Debbie Reynolds' and Carrie Fisher's collections were auctioned in Las Vegas & Online on February 11th, 2018.

Article from Las Vegas Review-Journal after the auction

The Force flows at Fisher family auction in Las Vegas

An auction of more than 800 items collected by Debbie Reynolds and daughter Carrie Fisher drew a packed house Sunday at McManus Auctions in Las Vegas.

Money raised will be donated to the new Debbie Reynolds Performing Arts Scholarship at UNLV.

Reynolds’ son, Todd Fisher, presided over the sale.

Among the items were movie costumes, props and personal belongings, including Reynolds’ vintage wall phone, as well as “Star Wars” memorabilia collected by Carrie Fisher, who portrayed Princess Leia in five of the films.

Judy Plaster bid on a framed picture of Reynolds.

“I fell in love with Debbie when I was 11,” Plaster said. “I even named my daughter Tammy after her movie.”

Article from Fox 5 KVVU-TV Las Vegas before the auction

Carrie Fisher's brother, who is also Debbie Reynolds' son, said he is auctioning off some of their collection for a good cause. Profits from the auction will go towards UNLV’s Debbie Reynolds Scholarship for the Arts, he said.

Debbie Reynolds was a huge collector. Her son, Todd Fisher said they have warehouses full of items from movie sets, other movie stars and of course, Star Wars memorabilia. Fisher said getting rid of the stuff for a good cause is what his mother would have wanted.

Fisher has a connection to almost all of the pieces in his late mother's collection. While he's kept the items that mean the most to him, he said the rest of this stuff belongs in different hands.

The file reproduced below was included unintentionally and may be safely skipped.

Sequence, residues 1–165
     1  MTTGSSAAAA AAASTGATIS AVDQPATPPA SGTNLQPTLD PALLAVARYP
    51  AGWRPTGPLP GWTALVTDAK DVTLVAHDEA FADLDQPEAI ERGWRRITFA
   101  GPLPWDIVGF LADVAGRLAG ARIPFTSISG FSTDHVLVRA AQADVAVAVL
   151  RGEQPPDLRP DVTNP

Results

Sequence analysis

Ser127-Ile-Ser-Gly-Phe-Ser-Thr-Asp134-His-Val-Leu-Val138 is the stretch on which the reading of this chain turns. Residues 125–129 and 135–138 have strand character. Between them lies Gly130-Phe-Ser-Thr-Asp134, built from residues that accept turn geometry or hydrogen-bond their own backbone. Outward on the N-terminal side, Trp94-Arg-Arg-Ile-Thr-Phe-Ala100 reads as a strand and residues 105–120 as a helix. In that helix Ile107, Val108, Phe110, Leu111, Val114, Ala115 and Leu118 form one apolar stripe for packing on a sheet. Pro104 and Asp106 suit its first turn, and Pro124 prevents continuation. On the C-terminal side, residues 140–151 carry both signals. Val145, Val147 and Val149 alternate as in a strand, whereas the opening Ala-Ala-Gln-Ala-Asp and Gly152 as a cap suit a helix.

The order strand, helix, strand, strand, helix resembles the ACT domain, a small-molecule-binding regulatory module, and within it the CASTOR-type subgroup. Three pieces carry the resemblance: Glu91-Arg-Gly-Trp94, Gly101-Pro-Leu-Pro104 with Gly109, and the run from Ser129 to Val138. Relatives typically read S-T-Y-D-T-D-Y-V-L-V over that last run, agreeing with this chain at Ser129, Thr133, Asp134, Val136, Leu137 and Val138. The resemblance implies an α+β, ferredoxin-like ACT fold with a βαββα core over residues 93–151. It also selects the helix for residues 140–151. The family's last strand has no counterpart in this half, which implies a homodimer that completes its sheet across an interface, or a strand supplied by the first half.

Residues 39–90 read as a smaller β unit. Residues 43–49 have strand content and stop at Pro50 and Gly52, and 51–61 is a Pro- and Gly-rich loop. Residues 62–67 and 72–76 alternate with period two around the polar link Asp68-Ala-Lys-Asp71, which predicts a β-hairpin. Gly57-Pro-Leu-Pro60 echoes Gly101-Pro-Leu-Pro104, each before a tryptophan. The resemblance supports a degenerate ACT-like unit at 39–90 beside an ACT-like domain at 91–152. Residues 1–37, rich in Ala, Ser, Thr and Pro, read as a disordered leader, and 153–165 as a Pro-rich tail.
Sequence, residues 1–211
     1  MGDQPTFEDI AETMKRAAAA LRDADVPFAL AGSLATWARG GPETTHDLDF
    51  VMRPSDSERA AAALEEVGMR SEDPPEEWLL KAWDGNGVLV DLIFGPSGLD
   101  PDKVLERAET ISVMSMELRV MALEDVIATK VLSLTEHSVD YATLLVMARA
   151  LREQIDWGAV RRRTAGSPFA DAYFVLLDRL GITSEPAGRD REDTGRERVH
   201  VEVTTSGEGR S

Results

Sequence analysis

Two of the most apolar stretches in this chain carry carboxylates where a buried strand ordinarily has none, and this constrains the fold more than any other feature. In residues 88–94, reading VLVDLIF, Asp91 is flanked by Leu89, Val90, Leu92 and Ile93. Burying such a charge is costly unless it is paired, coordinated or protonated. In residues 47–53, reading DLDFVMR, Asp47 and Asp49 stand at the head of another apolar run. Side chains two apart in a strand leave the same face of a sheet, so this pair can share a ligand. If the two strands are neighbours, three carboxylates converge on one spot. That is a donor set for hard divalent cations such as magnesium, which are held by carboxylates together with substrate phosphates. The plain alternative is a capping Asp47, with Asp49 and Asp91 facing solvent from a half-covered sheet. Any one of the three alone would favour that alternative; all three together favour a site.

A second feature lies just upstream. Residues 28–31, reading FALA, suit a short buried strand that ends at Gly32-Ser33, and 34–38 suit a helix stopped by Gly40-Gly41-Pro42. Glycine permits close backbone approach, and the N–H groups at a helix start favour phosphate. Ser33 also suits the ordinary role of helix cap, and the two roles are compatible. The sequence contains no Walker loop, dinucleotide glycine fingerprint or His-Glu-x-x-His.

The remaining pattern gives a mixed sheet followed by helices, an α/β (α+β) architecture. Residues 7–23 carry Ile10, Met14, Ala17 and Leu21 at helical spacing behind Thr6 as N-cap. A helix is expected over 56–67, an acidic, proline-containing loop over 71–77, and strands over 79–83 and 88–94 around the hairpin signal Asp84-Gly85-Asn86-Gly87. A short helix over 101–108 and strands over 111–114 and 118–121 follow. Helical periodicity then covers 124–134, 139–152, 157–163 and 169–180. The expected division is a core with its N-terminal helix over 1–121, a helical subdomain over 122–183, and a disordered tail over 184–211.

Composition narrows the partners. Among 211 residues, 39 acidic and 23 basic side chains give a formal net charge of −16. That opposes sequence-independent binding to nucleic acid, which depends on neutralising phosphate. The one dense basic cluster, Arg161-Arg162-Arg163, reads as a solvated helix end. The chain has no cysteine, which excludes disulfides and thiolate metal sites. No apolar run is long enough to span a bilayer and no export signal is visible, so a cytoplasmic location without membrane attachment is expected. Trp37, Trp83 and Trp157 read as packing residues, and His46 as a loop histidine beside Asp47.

“Debbie had a mandate. It started when she did the first auction, which was to find people that cared as much as she did and put it in their hands since she could no longer take care of all of it,” Fisher said.  

From gowns worn by movie stars to Carrie Fisher's childhood lunch pail to items from different movie sets, Fisher said his mom had it all.

“My mother was a fan. She was a little girl at the studios and she was enamored by the stars just like everybody else,” Fisher said.

It's why all the money made from auctioning these items is going towards the Debbie Reynolds Performing Arts Scholarship at UNLV.


“Carrie and Debbie left amazing things in their work, in their writings, in their movies, all the things they did, pictures, a lot of things. But this is just a really unique little way to keep her alive and to help find that next Debbie Reynolds, that next Carrie Fisher,” Fisher said.

He said his mother grew up poor and only got her big break thanks to help from others.

“It's why she spent so much of her career giving back to countless charities,” Fisher said, “One of those charities was UNLV and Debbie felt connected to Las Vegas, connected to this university.”